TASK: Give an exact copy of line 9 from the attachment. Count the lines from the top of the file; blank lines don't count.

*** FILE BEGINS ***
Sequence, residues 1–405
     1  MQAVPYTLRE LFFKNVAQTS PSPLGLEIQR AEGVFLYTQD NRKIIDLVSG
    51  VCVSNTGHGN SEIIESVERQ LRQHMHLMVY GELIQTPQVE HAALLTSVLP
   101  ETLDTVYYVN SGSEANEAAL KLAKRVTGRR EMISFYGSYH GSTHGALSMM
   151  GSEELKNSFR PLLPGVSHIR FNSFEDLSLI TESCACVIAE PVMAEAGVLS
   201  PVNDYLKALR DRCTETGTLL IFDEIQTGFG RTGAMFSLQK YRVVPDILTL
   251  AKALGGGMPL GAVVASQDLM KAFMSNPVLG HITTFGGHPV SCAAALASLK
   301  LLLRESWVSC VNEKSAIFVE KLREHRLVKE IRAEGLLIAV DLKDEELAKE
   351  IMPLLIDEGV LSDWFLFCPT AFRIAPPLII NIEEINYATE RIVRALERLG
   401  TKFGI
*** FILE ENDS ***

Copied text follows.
   351  IMPLLIDEGV LSDWFLFCPT AFRIAPPLII NIEEINYATE RIVRALERLG